New vs used cars

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Deciding whether you should buy a used or new car? You’re not alone and you might even change your mind a couple of times. According to an industry study, 46% of shoppers who contact a dealer on a new car actually end up buying used! And get this, over 55% of people who contact a dealer about a new car end up buying from a different manufacturer.

pros and cons of buying used and new

While we can’t tell you what kind of car to choose, we can certainly help make the process a little easier. For example, we’re going to give you the pros and cons of a new, certified pre owned used car. We’re also going to explain the difference between certified pre owned and dealer certified. Alright, we’re not going to break this thing down for nothing.

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Now that we dropped that completely irrelevant Outkast lyric, let’s explore the benefits and shortcomings of buying new and used.

Buying brand spanking new

Buying a brand new car is exciting and sometimes it can be easier than buying used. There is significantly less markup on a new vehicle so there isn’t much room, if at all, for negotiation on price. That shouldn’t stop you from trying our tips for haggling at the dealer, though! And whether it’s cash back or free oil changes for life, manufacturers and dealerships provide plenty of incentives to get you behind the wheel of a new car.  Not to mention that brand-new warranty seems pretty reassuring when it covers anywhere from 3 to 10 years and up to 100,000 miles in some cases.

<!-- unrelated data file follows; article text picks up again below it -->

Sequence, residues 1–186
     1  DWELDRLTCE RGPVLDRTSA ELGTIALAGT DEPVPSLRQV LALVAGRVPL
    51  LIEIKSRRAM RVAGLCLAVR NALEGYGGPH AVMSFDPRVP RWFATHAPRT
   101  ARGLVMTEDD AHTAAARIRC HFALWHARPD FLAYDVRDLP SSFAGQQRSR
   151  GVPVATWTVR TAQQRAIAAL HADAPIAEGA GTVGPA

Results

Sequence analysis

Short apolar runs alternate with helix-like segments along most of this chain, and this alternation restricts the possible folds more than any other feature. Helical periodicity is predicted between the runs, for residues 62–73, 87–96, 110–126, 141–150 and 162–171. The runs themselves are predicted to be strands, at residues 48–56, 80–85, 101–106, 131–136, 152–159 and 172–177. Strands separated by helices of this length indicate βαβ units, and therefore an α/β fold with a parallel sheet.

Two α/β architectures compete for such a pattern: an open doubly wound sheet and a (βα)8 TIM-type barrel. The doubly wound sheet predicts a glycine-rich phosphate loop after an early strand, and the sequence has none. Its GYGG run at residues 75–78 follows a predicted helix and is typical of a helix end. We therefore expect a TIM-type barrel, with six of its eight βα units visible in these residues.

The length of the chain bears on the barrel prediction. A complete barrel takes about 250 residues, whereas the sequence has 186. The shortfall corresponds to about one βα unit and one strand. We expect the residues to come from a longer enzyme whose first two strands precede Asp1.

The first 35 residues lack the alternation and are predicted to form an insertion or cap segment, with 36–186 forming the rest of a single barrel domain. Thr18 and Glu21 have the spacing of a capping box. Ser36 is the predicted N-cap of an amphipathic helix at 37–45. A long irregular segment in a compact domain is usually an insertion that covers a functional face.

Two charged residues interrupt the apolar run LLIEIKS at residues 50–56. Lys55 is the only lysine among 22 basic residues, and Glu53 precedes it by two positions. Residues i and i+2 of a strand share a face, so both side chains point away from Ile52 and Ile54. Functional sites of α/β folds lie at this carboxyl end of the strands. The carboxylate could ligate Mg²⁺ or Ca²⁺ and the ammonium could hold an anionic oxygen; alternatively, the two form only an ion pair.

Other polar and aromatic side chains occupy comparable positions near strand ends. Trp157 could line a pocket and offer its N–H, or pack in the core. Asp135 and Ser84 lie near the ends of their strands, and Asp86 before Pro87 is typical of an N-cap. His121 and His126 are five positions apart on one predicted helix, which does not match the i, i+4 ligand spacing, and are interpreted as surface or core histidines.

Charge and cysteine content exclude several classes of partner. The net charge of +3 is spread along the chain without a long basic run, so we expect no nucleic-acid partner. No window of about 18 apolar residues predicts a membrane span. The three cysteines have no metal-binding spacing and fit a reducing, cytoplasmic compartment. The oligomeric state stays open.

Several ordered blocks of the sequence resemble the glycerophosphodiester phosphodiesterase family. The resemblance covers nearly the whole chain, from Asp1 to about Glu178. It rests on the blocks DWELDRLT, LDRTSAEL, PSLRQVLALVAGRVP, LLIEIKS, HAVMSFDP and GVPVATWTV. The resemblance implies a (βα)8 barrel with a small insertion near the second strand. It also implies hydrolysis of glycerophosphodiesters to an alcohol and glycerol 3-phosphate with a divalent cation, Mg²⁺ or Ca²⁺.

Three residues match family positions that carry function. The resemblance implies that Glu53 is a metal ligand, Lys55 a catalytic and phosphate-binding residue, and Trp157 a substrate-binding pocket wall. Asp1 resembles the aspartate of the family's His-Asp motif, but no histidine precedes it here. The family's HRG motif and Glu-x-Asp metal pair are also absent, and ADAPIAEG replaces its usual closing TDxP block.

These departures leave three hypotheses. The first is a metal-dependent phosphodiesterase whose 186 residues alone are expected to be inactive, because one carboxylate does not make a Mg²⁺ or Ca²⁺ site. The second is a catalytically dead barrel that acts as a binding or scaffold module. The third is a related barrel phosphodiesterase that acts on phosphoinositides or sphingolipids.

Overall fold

A brand new car is totally customized to the buyer’s specifications with all the bells and whistles a buyer wants (or doesn’t want). Newer cars also tend to be safer and more efficient than older cars. The Washington Post reported cars have become more efficient every year since 2004 so buying a new car will net you some of the best gas mileage on the road. New cars also have the latest technology which is a great thing for early adopters, but it is often terrible for those who prefer dials and knobs over touch-screen displays.

Pros:

  • 1-Owner
  • Buyer Incentives
  • Warranty
  • New-Car Smell
  • Roadside Assistance
  • Latest Technologies

Cons:

  • Price
  • Insurance Premium
  • Depreciation
  • Unknown reliability
  • Latest Technologies

Buying certified pre owned

CPO or certified pre owned is the next-best thing to buying new. CPO cars have to pass an inspection from a manufacturer-trained technician and they are sold with the existing new car warranty. In other words, you’ll have that same new-car reassurance so if mechanical failure does happen, you’re covered. Depending on the brand, an extended warranty can be bought as well. Learn more about the best certified pre owned programs here.